A group of Tripoli suburbanites begins to build a civil society after four decades of Qaddafi rule when political parties were banned.
Libyans debate future, but after being stifled so long, words don't come easily
TRIPOLI // The regime of Muammar Qaddafi was three weeks gone, and Salah Ingab, wearing a crisp striped shirt and rebel-flag pin, was readying a suburban conference room for another revolution of sorts.
"A first step toward civil society," said Mr Ingab, 29, a medical student who helped organise a public meeting to discuss Libya's future this month in his Tripoli neighbourhood, Sihiya.
In Tunisia and Egypt, whose revolutions inspired Libya's revolt, civic groups existed to help rebuild society. But in Libya, the near-absolute rule of Colonel Qaddafi has left a barren civic landscape.
His overthrow last month has freed Libyans to debate their country's direction, with the stakes already high: Libya remains plagued by instability.
Mr Ingab and his six fellow members of the February 17 Forum, an informal discussion group, hope that civic activism can help make a difference.
"We don't have ways to express our opinions, since the regime controlled media and the education system," Mr Ingab said. "We want people who don't have access to media to be able to discuss their problems."
On September 18, three dozen Libyans who met in a former government administration building in Sihiya traded views on issues from security and health care to the relationship between citizens and the state.
One question above all preoccupied them: Libyans' ability to decide their future after four decades of brutal top-down rule by Colonel Qaddafi.
"We need to go forward with civility. We knew hardship for four centuries," one woman said to laughter as she also laughed and corrected herself. "I mean four decades, but it feels like four centuries," she said.
Participants - young and old, and nearly half women - were seated at tables that circled the room. Organisers invited them to name issues that they considered priorities.
"Weapons," said schoolteacher Sabra Abeti, 30. "There are too many people with weapons."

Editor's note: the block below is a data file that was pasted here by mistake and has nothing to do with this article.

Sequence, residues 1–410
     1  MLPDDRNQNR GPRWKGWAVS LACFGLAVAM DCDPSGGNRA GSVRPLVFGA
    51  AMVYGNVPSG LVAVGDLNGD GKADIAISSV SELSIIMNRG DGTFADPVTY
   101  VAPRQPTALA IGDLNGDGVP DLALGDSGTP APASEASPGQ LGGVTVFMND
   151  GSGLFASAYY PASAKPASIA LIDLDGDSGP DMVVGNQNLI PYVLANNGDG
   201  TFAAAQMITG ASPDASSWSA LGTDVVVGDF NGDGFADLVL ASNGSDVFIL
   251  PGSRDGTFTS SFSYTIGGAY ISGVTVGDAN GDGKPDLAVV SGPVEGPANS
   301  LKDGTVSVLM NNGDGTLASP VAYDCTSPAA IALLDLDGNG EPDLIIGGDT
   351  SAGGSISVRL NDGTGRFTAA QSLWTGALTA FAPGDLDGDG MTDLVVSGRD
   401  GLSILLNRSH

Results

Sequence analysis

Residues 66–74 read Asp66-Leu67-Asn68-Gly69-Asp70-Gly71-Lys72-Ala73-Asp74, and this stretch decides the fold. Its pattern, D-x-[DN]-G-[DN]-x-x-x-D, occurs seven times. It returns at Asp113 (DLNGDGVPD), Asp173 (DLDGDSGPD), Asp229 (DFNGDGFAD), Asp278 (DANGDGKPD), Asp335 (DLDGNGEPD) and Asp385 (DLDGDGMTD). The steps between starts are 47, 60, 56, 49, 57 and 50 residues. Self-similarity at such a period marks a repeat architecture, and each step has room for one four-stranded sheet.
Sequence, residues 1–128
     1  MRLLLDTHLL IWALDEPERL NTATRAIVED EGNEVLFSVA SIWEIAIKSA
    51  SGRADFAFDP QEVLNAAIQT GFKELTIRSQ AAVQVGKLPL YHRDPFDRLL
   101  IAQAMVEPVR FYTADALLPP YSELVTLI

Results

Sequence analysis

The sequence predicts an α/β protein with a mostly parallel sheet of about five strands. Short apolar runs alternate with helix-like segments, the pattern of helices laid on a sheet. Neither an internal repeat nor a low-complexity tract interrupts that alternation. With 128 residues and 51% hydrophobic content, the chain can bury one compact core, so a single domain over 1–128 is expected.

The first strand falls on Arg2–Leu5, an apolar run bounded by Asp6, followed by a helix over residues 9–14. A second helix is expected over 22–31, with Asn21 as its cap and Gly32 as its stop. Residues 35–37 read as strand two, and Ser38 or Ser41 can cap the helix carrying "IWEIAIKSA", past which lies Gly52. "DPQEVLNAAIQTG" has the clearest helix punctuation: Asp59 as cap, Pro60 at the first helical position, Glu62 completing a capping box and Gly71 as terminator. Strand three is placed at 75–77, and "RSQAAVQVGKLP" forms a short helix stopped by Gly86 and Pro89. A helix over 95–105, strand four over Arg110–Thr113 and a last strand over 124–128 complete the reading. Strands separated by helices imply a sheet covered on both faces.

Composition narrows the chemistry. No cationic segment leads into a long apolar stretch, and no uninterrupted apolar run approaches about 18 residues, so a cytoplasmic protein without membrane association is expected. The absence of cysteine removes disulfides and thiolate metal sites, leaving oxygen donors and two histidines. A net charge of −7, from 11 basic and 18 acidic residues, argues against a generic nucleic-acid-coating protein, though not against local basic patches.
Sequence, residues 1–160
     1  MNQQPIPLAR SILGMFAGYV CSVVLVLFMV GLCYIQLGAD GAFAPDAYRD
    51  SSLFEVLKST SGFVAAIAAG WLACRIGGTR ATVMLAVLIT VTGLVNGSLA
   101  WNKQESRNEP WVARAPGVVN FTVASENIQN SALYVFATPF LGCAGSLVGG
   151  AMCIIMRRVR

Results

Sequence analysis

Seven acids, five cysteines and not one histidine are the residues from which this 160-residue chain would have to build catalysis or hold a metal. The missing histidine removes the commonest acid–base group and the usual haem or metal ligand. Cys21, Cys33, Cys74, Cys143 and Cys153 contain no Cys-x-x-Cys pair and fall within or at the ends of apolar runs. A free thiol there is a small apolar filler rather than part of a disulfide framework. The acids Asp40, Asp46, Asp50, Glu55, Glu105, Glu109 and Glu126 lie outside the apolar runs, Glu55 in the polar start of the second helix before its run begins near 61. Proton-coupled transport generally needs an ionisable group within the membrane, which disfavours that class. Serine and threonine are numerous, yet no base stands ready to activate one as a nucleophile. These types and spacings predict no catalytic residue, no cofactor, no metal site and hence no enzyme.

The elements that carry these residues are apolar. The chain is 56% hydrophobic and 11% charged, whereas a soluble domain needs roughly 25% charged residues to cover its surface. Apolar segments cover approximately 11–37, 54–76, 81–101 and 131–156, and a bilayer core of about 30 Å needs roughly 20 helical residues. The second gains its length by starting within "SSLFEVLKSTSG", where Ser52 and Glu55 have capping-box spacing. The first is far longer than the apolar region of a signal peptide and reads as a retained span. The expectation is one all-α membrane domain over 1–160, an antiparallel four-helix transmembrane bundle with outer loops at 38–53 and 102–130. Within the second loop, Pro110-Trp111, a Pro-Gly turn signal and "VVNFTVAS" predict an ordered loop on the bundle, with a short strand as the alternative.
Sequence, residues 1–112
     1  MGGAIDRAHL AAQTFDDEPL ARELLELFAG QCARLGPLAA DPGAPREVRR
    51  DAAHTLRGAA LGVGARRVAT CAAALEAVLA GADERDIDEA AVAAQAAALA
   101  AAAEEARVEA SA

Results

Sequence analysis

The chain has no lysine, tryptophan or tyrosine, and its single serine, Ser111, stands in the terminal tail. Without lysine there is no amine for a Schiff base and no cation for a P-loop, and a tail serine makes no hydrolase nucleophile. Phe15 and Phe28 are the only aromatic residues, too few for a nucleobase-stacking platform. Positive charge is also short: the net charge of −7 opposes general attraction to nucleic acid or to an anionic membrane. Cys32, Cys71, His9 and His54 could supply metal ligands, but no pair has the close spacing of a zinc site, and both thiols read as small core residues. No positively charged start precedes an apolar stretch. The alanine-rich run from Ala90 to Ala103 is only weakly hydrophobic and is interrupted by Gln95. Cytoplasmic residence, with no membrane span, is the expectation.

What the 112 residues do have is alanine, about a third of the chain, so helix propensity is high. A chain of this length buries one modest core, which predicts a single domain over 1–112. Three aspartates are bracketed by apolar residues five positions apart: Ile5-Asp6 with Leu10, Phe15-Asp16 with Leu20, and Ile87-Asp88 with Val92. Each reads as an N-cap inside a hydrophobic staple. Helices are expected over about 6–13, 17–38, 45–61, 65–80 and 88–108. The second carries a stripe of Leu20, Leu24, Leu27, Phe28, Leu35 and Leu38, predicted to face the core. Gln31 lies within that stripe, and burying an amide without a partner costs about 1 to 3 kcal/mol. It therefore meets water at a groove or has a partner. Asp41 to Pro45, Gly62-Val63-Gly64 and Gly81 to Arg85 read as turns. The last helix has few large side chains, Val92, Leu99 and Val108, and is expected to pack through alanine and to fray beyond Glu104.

Tripoli has been inundated with small arms since National Transitional Council (NTC) militias took over last month. While checkpoints and celebratory gunfire have diminished, NTC leaders are still keen to round up guns.
"I have a small proposition," Ms Abeti said. "Cash in return for handing in weapons, with the amount going down the longer people delay."
"We need to start thinking strategically," said Hala El Misrati, a business consultant. "Dialogue is crucial, but we don't know the language of dialogue. There are places in Tripoli where people don't know how to debate."
Sihiya, an upscale district of villas and shade trees, does not appear to be such a place. As the meeting continued, debate turned increasingly from social problems to society itself.
"As John Kennedy said: 'Ask not what your country can do for you, but what you can do for your country'," said Abdulrazzag Turki, an engineering adviser . "Qaddafi colonised our thoughts, but the world has seen that we have minds of our own."
The room stilled as the floor passed to Issa Abudaia, a veteran activist from Libya's Amazigh, or Berber, minority.
"You talk of dialogue, but we don't have such a thing as a political back-and-forth," he said.
Under Colonel Qaddafi, political parties were banned along with trade unions and any other civic group deemed a potential threat to his regime. Today the closest thing Libya has to a government is the NTC, a sometimes fractious coalition of pro-western liberals, Islamists and regime defectors.
"The question remains what tasks should be left to the transitional council," said the human-rights consultant Bassam Aissah. "But I believe the first question is our own role in this transitional period. And our role is to make civil society work."
For now, charities are working to help those injured and displaced by war. Vans from Libya's blood bank are parked in Tripoli's Martyrs' Square; another group is compiling data on missing persons.
"We need to think of the revolutionary fighters," said Fouad Abu Doya, an agriculturalist and fighter from the western city of Nalut. "For six months they've seen rockets, blood and death. Their psychological state has been affected."
Mr Abu Doya handed off to Hannane Slimane, a young secretary in a chartreuse headscarf.
"I need to mention a certain issue, and that is rape," she said. "This issue is important and I hope ..." - she searched for words - "I just hope that something will be done about it."
Human Rights Watch said this week that it had documented nine alleged rapes apparently by pro-Qaddafi forces and one by unidentified perpetrators between February and May.
There were several more comments and the meeting drew to a close. The participants filed out into the balmy night.
Mr Ingab and the other members of the February 17 Forum lingered in the conference room, reflecting. They were four young men and three young women embarking on something new.
Should they engage with NTC officials? How could they contact Libyan media? And where was it all going?
For Mr Ingab, they had already begun to achieve what was once a dream. "To let people talk," he said. "Just talk."